Friday, March 11, 2016

Giving Up Interupting and Learning to Listen for Lent. Patron Saints of Sore Throats & of Hearing Loss.

This year I was hoping to give up something much easier than the swearing I tried to give up last year.  I figure I can do most anything for the 40 days of Lent.  Over time, the occasional swear word has slipped back into the open spaces of my conversations.  Nature abhors a vacuum and I have done my part to fill it. I'm still committed to not swear but it is damn hard to be disciplined when I'm frustrated, stressed, tired or trying to emphasize a point to someone who is not listening. While I remain devoted to finding other words to express myself, I decided to commit to something even more personally challenging for Lent this year.

First of all, for those of you who don't know much about the forty days of Lent, it begins with Ash Wednesday and ends on the Thursday prior to Easter Sunday and can feel like all of eternity.  It is a time of prayer, discipline and reflection as a means of spiritual renewal and growth.  It is a time to reflect on Christ's sacrifice on the cross for our sins.  A time to elevate our personal spiritual state by abstaining from things that distract us from being a better person. I love the idea of giving up something to show my conviction because it forces me to acknowledge my weaknesses and practice self discipline.  I know I should be living every day in that way instead of committing to just 40 days but I only seem to be able to bite off small chunks. Anything more makes me lose my appetite.

So I have given up "interrupting".  Yes, that's right.  My brain moves too fast.  I don't know how to slow down and listen.  I have mistakenly thought my opinion was more essential to a conversation than listening.  I actually believed it was important to voice what I thought rather than hear what others were trying to tell me. Recently, I had a revelation, a hot sweaty revelation that my opinion was irrelevant to the conversation I was having.  I found myself speechless as the other person continued to share their feelings with me and it made for the best conversation ever.  It felt good to listen and really hear what the the other person was trying to tell me.  Then it hit me.  I'm addicted to interrupting and I need to quit it now!  So I made a commitment for Lent to not interrupt anyone. I'm only a few weeks into it and it has already proven to be a much greater challenge than giving up swearing, chocolate or sleeping late.  It embarrasses me to think it took so long to figure it out.
St. Blaise "Patron Saint of Sore Throats

The first thing I needed to do was find a saint that could really lend a hand in keeping my mouth shut.  I need all the support I can get since, it is second nature to tell everyone what I think about everything.  As I pondered how to give up interrupting, I wondered if I needed to see my doctor and get medicine for Adult Attention Deficit Disorder since I find myself already replying before someone has even finished their question. I thought I might need to attend a support group for Interrupters.  I suspect the meetings are either deafeningly quiet or everyone talks at once.  I decided finding the right saint to intervene would be my best bet.  Where to begin?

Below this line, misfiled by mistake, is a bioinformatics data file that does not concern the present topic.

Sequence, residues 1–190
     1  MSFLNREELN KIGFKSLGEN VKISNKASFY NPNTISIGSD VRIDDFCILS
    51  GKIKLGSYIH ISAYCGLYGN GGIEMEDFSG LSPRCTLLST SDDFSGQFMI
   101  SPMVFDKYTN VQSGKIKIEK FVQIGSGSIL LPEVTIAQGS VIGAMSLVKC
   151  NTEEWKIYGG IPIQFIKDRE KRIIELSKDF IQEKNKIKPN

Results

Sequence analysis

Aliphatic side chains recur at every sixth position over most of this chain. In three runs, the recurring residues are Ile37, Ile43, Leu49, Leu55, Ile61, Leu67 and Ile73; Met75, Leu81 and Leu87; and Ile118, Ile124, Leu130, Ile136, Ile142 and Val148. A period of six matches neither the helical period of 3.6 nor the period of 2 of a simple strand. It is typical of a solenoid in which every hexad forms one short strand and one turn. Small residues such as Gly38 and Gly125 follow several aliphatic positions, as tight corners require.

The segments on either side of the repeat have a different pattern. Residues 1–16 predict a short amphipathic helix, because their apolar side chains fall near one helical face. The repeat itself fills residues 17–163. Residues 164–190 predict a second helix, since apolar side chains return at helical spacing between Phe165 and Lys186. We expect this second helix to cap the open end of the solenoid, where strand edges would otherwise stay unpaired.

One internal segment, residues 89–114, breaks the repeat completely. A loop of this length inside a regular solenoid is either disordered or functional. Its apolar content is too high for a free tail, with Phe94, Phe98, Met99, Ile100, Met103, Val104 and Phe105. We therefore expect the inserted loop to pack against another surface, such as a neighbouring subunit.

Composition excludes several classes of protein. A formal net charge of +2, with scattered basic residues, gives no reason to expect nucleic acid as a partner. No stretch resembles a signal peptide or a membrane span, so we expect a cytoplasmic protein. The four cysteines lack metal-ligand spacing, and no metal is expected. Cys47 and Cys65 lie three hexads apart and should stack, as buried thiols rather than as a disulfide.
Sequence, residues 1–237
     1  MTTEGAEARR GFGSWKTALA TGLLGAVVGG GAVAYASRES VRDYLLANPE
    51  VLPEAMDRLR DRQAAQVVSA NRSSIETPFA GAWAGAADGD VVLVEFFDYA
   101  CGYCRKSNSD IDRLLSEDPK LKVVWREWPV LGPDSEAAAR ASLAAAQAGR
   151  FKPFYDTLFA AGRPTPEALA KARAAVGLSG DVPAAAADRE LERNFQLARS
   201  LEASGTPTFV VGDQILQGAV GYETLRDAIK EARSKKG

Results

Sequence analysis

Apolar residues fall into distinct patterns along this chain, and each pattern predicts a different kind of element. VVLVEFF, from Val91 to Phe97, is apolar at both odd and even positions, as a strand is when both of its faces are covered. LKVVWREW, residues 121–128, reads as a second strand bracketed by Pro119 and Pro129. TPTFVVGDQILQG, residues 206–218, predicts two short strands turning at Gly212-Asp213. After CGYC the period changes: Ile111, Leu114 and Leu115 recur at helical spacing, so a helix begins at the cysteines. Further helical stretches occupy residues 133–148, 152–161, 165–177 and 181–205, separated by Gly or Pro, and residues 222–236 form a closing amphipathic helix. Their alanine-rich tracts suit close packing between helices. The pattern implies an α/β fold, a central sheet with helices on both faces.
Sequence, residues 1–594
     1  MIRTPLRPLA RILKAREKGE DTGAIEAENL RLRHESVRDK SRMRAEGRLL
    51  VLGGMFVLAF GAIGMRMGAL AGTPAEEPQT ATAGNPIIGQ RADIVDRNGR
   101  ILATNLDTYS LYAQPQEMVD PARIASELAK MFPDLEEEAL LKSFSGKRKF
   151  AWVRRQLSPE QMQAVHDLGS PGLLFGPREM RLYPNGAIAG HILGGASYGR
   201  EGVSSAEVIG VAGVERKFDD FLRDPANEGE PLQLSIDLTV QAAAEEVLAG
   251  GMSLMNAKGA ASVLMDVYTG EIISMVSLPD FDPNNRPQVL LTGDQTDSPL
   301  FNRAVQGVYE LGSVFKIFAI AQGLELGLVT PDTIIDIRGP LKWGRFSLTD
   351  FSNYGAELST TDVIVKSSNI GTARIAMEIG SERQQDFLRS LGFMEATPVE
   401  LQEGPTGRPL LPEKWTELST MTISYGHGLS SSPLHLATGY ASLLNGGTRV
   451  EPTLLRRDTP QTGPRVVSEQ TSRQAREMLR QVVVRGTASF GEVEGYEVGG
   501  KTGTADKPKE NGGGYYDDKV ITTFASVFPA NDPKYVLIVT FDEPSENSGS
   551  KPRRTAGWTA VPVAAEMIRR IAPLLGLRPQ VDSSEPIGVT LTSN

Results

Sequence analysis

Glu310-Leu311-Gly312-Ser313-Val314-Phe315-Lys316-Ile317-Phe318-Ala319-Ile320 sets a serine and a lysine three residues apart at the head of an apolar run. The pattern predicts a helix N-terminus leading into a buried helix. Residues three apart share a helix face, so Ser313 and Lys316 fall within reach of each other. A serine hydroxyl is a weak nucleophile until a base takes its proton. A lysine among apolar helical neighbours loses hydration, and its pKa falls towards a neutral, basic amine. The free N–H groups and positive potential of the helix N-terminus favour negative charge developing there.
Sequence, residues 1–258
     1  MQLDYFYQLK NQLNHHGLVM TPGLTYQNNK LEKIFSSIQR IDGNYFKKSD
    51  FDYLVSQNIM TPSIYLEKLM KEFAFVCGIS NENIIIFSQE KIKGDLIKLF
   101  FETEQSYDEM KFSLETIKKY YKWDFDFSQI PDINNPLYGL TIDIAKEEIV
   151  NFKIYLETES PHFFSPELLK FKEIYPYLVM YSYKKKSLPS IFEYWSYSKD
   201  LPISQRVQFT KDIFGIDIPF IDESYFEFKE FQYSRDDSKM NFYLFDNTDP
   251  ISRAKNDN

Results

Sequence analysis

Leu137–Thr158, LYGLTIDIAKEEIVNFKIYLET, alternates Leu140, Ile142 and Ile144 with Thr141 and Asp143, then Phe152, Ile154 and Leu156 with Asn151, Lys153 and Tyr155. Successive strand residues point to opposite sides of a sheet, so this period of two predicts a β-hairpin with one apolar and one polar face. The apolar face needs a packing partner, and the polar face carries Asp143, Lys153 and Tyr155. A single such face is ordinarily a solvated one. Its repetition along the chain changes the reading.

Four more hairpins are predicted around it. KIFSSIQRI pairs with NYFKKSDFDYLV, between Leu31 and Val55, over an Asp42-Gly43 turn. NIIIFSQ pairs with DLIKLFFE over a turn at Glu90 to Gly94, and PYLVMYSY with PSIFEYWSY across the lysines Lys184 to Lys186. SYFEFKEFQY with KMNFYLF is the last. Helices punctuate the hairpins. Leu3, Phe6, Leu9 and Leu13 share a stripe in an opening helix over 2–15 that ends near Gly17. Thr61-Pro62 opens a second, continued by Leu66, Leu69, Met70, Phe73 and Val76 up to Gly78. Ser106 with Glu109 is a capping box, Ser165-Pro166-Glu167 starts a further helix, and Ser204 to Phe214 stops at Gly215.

I thought first of St. Blaise, Patron Saint of Sore Throats, throat illnesses and choking, wild animals, wool combers and wool trading, quite a dossier.  Physicians' documents from the 3rd century in Armenia, where St. Blaise resided, speak of his skill in helping people with objects caught in the throat.  He later became a physician of the souls, teaching by actions rather than words.  People flocked to him to be cured both for physical and spiritual ills. I pray silently to him to intervene, helping me to catch my words before they leave my mouth and interrupt one more person.

St. Francois de Sales
Once I realized that words weren't necessary, I began looking  for a saint that could help me be more thoughtful, help me listen with my two ears and learn to keep my mouth shut.  So that is where St. Francois de Sales, the Patron Saint of Hearing Loss can intervene.  Somewhere along the way I lost my hearing.  I quit listening and started talking, telling everyone what I thought as if it was more important then hearing what others are trying to share with me.  I've been praying to St. Francois to perform a miracle with my deafness and help me to listen.  I've ask for his help in learning what I think and say is of little value if I don't know what matters to those I love.      
 "Mere silence is not wisdom, 
  for wisdom consists of knowing 
  when and how to speak,
  and when and where to keep silent."





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